The row about the Oscars looked like the perfect spectator spat: it was about something real. Why was there not a single actor of colour represented in the nominations? Was there a problem of under-representation at the judging level? What did it say to society that such a toweringly high-profile, public-facing institution could fail in such an obvious way? What might it say if, through simple and consistent argumentation, the situation could be resolved? Add in the global reach, the beauty quotient, and a couple of villains – Michael Caine telling black actors to “be patient”; Charlotte Rampling worrying that the hashtag #OscarsSoWhite was “racist to whites” – and you have a storm that is structurally perfect.#OscarsSoWhite: Black Filmmakers Call Out Hollywood Racism, Exclusion as Calls for Boycott Grow | Democracy Now!
Just about the only thing wrong with it is that the Academy responded so fast, promising to double its female and minority membership by 2020. Ideally, it would have held out for longer to soak up more of the anger, which instead was scattered like after-fires at ill-judged remarks from the likes of Julie Delpy, who said at the weekend that she’d rather be African-American than a woman in Hollywood. The politics of competitive discrimination are fascinating – the elaborate respect that the discriminated-against are required to pay to one another has the effect of muting their solidarity and, of course, takes the heat off the people doing the discriminating. But arriving on the heels of the all-white Oscars, the actor’s remarks started no such conversation, and instead left her exposed like the slowest antelope, apologising through her “people”, as Rampling had done before her.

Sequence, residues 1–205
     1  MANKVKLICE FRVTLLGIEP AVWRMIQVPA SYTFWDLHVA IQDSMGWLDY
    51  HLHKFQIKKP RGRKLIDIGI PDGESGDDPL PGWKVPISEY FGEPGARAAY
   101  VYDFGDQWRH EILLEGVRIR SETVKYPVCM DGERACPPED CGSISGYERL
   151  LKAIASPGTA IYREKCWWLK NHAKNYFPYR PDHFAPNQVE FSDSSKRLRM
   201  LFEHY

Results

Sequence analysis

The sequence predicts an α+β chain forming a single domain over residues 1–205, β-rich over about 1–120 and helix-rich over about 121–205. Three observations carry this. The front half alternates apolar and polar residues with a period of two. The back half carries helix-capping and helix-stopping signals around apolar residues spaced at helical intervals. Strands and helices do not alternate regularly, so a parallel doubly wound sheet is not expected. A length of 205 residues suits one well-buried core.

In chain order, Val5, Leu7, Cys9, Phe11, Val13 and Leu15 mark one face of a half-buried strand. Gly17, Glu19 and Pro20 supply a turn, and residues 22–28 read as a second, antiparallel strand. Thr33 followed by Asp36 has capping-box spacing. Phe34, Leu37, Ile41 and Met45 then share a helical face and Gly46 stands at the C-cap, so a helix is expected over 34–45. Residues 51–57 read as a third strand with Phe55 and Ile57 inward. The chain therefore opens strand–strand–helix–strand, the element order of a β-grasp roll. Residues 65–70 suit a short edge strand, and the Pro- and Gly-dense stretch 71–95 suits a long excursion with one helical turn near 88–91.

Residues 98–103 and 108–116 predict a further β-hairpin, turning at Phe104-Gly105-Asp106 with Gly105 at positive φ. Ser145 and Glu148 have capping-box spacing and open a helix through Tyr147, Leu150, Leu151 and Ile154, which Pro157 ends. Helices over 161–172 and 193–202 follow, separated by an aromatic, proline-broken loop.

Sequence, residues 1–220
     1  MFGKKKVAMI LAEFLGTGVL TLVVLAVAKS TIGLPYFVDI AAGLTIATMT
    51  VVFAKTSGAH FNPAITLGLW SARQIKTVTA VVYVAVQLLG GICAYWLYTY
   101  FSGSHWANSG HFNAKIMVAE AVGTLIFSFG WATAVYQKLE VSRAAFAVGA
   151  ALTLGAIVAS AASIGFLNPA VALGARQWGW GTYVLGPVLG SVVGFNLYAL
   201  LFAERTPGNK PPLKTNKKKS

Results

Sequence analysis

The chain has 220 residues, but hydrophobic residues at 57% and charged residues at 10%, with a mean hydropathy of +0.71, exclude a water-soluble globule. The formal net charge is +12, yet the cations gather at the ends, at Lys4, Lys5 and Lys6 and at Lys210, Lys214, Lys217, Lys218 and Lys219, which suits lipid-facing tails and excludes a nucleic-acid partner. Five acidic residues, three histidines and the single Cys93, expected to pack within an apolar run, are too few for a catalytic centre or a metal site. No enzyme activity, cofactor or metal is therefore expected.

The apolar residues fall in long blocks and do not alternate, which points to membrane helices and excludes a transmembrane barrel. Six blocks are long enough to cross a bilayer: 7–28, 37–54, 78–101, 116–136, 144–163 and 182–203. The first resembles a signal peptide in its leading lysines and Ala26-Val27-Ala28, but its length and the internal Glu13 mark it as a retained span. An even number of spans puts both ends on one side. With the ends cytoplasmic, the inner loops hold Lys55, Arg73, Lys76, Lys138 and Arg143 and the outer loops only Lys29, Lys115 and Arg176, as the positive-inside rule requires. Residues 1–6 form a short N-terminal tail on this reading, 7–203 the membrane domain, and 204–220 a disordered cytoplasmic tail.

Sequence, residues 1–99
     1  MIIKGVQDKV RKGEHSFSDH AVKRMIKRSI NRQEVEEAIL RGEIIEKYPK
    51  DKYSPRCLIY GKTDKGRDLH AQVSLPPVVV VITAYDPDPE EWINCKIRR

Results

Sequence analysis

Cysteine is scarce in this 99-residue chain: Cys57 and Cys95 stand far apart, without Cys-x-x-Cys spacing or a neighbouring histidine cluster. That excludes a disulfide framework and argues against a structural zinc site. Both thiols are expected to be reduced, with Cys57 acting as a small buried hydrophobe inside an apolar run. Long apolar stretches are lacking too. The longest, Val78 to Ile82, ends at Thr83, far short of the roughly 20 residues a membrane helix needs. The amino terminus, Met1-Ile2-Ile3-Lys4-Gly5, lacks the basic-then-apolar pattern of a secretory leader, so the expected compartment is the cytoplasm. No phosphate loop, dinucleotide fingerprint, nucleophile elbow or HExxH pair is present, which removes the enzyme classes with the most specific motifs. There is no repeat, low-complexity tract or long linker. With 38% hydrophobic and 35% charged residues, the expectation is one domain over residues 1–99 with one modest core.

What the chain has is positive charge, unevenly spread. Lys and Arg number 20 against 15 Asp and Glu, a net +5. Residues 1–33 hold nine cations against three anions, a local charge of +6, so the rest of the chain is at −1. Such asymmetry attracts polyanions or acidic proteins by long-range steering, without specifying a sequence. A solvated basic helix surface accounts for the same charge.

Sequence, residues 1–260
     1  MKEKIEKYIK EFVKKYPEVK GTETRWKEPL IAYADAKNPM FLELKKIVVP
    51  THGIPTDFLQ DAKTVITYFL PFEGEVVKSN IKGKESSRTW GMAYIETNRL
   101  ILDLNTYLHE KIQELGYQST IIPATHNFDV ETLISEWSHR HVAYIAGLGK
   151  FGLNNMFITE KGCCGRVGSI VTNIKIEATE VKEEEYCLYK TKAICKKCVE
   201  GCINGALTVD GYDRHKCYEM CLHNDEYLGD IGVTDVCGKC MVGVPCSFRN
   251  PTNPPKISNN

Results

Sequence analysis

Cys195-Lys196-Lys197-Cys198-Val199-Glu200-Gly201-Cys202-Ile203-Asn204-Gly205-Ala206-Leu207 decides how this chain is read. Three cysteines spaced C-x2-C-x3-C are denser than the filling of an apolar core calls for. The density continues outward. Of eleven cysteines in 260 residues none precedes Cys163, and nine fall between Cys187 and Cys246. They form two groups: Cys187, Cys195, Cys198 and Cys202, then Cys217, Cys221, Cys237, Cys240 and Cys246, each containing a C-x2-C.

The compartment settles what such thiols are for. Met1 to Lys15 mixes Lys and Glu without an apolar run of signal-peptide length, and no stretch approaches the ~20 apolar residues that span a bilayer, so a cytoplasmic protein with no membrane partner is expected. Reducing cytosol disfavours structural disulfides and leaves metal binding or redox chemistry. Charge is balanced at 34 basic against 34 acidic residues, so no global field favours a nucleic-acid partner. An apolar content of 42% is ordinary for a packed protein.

A growing number of actors and filmmakers are pushing for a boycott of the Oscars after no actors of color were nominated for a second year in a row. The largely white male Academy of Motion Picture Arts and Sciences responded by pledging to overhaul its voting requirements and to double membership of women and people of color by 2020. We discuss the boycott calls with two African-American filmmakers: Stanley Nelson, whose latest film is "The Black Panthers: Vanguard of the Revolution," and Dawn Porter, director of "Trapped," which just had its world premiere at the Sundance Film Festival. "This reminds me of when baseball was segregated—the Negro Leagues," Porter says. "Does anyone really think that all of the talent that was in the sport was being recognized?"10 Actors Who Openly Called Out Hollywood's Racism - Atlanta Black Star